Dr. Doris A. Derby is an activist, photographer, educator, and scholar, who spent ten years in the civil rights movement in Mississippi. Her life and career are reflections of her commitment to the arts as a means of uplift for African Americans. Engaging a grassroots, bottom-up approach, Derby has used cultural heritage to address the problems and issues of every community she has served, a strategy and philosophy that became the calling card of activists and the modern movement. This essay highlights Derby’s work within the movement as well as her documentation of Black cultural life and organizing traditions.
"Creative expression is the pulse that keeps us alive. The creativity keeps coming, connecting, reflecting years of history in the making.”
For Derby, folklife was a natural expression of Black resilience, and it could appear in a plethora of artistic ways. “The creativity of the arts reflects daily interests, influences, experiences and occurrences of real people’s lives, which help to continue the traditions as well as promote beliefs and expressions between Blacks in the North, South, East and West, town, city and country. Intergenerational creative networks keep growing like well-rooted cultural vines, striving higher and higher and proliferating into many new strains. Creative expression is the pulse that keeps us alive. The creativity keeps coming, connecting, reflecting years of history in the making.” 1
Born in New York City on November 11, 1939, Derby earned her Bachelor of Arts from Hunter College. In the Spring of 1963, Derby was teaching elementary school in Yonkers, New York, when she was recruited to join the Student Nonviolent Coordinating Committee (SNCC). SNCC pioneered many grassroots, decentralized strategies to fight white supremacy in America and advance Black communal progress, and Derby was excited by the prospect of joining the civil rights movement in Mississippi to work with organizers in Black communities.
The legendary activist Bob Moses, who shaped SNCC’s philosophy under the mentorship of Ella Baker, asked Derby to attack Mississippi’s onerous literacy tests that restricted the right to vote in the state. The idea was for Derby to establish an adult literacy program at Tougaloo College, a Historically Black College and University (HBCU) in Jackson, and, by teaching basic reading and writing skills that could be objectively measured, Black voter registration could be facilitated. Her title was SNCC Field Secretary in voter registration.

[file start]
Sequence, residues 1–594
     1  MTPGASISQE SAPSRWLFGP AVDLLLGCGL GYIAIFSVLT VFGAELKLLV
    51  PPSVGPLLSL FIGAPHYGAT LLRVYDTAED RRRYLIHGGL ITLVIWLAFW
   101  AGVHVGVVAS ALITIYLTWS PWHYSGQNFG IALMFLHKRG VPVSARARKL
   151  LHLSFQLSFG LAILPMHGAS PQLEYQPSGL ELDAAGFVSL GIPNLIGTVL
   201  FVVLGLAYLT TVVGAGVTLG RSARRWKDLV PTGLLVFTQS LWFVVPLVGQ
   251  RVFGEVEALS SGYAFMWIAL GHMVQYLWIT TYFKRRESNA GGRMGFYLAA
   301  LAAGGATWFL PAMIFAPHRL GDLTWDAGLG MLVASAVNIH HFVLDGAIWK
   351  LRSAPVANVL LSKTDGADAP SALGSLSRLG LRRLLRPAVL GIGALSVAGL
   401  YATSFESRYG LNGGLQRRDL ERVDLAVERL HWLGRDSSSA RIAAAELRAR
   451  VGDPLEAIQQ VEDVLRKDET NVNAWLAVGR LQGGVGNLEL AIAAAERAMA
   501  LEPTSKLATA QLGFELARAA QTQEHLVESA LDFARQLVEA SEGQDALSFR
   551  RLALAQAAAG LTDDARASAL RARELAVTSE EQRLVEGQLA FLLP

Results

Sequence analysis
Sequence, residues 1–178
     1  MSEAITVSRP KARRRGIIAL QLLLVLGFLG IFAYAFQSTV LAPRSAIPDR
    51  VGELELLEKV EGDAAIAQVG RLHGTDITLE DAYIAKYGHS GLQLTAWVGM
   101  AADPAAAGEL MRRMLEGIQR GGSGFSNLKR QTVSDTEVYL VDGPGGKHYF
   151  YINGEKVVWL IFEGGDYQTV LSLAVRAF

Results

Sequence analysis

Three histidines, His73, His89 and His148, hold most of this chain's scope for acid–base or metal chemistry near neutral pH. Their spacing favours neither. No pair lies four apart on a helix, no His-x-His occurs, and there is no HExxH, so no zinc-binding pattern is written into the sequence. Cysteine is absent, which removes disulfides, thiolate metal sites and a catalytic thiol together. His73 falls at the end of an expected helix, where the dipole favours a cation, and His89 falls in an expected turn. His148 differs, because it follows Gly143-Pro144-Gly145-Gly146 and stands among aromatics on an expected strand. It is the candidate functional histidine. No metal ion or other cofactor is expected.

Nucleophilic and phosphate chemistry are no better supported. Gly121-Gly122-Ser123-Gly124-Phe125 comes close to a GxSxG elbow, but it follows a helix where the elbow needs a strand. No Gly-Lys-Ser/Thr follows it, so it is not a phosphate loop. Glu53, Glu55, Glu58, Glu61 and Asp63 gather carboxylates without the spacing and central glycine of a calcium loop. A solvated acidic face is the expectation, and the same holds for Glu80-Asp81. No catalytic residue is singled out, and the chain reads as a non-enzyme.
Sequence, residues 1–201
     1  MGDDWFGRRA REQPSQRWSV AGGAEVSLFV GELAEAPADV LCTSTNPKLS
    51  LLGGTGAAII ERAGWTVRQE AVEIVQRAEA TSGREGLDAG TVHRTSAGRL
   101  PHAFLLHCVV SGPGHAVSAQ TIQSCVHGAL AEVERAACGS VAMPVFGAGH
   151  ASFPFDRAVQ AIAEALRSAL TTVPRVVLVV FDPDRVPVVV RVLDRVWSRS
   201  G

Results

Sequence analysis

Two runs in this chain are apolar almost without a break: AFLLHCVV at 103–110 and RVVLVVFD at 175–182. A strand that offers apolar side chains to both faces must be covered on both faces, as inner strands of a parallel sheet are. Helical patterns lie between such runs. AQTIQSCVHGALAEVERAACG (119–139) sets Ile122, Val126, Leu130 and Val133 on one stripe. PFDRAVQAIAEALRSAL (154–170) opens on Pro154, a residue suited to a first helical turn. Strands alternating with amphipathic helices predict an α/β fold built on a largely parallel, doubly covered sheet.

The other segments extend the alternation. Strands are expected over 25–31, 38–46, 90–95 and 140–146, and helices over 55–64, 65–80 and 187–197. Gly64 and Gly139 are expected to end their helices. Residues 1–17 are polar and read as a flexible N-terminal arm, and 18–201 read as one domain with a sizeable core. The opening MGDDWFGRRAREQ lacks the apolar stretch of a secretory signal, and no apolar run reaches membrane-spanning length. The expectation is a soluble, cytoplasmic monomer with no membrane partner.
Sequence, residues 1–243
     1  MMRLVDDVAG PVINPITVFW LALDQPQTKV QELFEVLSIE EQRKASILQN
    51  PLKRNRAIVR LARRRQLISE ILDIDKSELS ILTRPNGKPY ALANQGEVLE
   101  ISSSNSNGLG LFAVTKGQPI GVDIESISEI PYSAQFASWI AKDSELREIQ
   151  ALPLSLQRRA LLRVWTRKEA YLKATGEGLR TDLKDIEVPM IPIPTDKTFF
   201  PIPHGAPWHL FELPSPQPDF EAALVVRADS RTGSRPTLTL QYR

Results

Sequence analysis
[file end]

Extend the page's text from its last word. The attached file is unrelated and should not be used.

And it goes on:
After attending the March on Washington as one of the organizers in August 1963, Derby moved to Mississippi to work out of the Council of Federated Organizations (COFO) office near the Jackson State campus, another HBCU. Unique to Mississippi, COFO was Bob Moses’ brainchild, meant to coordinate under one umbrella the work of diverse and often competing civil rights organizations, including SNCC, the National Association for the Advancement of Colored People (NAACP), the Congress of Racial Equality (CORE), and the Southern Christian Leadership Conference (SCLC).
Her photographs capture the people and work of the movement
as part of a larger folklife of activism.
Initially, Derby agreed to work in Mississippi for one year but spent nine more years in the state, advocating a diverse array of tactics for Black advancement and documenting nearly every stage of her work with her ever-present camera, a practice of photography that she kept up for the rest of her life. Her hundreds of thousands of photographs document the everyday nature of the movement that was grounded in community and traditions of organizing and activism passed down generationally. Her photographs capture the people and work of the movement as part of a larger folklife of activism.
During the 1964 Mississippi Summer Project, better known as Freedom Summer, Derby founded the Free Southern Theater with John O’Neal and Gilbert Moses in order to provide African Americans free access to the arts. Freedom Summer brought approximately 800 activist volunteers to Mississippi to engage in voter registration drives and Freedom Schools. The goal was to bring about political, economic, and social equality for Black people through education, and the Free Southern Theater contributed to the educational project while providing an aesthetic dimension.
According to Derby, the founders believed the Free Southern Theater could be “a crucial tool in improving the overall lives of African Americans, to strengthen Black consciousness, communication, self-knowledge, self-dignity and creativity through the presentation of new information through plays with educational content, cultural expansion and situational relevance to the universality of issues of human dignity.” 2 By 1980, the Free Southern Theater had evolved into Junebug Productions, which continues to advance its founding principles.
During the 1964 Mississippi Summer Project, better known as Freedom Summer, Derby founded the Free Southern Theater with John O’Neal and Gilbert Moses in order to provide African Americans free access to the arts.
In the spring of 1965, Derby returned to her roots as a teacher and joined Head Start, an early childhood education program that emerged from the work of civil rights activists. She served as the head teacher in Durant and Holly Springs, Mississippi. Once again, the idea was to use education at the earliest ages in the Black community to lay a foundation for advancement.
Later that year, Derby pivoted again and became an organizer and member of the Poor People’s Corporation and the Liberty House Handcraft Cooperatives. Through the production of home goods from quilts and other crafts to foodstuffs, Black women in particular throughout Mississippi were able to create a coordinated economy built around knowledge that was rooted in folkways.